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Re: restrictions when defining charsets
> Certainly, additional character sets can and should be registered with
> IANA for use with MIME. But this is not a matter that needs discussion
> among the Mime list. IANA registration is a simple procedure.
As long as we are registering a character set, the resitration should
The problem here is that "what is a character set and what is not?".
> Well, perhaps IANA registration WON'T be simple, since you are raising some
> issues to debate. But again, I don't think that the topic is of concern
> to the MIME list, though it certainly is important to make the charset
> name be appropriate.
As "charset" is an idea in MIME, its meaning should be precisely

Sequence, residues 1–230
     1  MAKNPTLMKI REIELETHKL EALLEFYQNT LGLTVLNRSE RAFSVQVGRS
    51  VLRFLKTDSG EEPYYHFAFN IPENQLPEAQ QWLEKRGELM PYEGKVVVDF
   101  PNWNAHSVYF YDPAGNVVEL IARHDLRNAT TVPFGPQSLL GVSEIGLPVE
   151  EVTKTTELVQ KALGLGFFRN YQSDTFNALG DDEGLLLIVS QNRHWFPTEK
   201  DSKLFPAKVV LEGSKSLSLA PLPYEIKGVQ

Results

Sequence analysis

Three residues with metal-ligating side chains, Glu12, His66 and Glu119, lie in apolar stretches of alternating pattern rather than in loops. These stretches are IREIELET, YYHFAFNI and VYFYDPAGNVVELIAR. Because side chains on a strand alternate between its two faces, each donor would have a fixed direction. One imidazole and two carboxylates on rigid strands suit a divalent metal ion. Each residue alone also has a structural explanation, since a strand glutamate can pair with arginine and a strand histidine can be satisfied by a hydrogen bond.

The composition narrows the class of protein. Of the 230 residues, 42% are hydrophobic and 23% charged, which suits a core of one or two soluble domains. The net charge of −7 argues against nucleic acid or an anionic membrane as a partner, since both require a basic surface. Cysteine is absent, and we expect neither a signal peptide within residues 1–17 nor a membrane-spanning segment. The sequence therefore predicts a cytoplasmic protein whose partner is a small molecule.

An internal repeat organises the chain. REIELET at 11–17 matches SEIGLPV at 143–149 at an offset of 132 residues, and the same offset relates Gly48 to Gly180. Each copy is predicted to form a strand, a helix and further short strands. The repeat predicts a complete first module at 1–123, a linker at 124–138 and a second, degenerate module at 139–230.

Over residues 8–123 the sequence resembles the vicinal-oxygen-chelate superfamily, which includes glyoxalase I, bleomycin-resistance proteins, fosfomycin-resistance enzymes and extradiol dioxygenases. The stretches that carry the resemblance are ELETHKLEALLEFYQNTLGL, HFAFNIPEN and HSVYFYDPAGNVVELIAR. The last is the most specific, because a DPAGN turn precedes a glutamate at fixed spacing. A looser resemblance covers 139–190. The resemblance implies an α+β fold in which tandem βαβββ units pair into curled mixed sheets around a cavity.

defined by MIME group, I think.
According to the following definition:
The Working Group specified the definition of a character set
for the purposes of quad-x to be a unique mapping of a byte
stream to glyphs, a mapping which does not require external
"charset" should provide all the profiling information to uniquely
map a byte stream to glyphs.
Thus, bare Unicode, which can't map some Devanagari and some Han correctly,
can't be a "charset".
The term "correctly" here means that native users of languages covered
by the "charset" won't find any difficulty in reading the resulting glyph
> But, assuming that the only language dependence of Unicode
> is to Devanagari and to Han, we might be able to register ...
>I recall a poster noting the language dependence of accented vowels,
>e.g. between English and German ...
Some said that English diaeresis and German umlaut should be
distinguished because they have different MEANING.
But, if the requirement is "a unique mapping of a byte stream to glyphs"
and if diaeresis and umlaut share the exactly same glyph (I don't have
enough cultural background to judge that), it is not necessary for a
"charset" to distinguish them.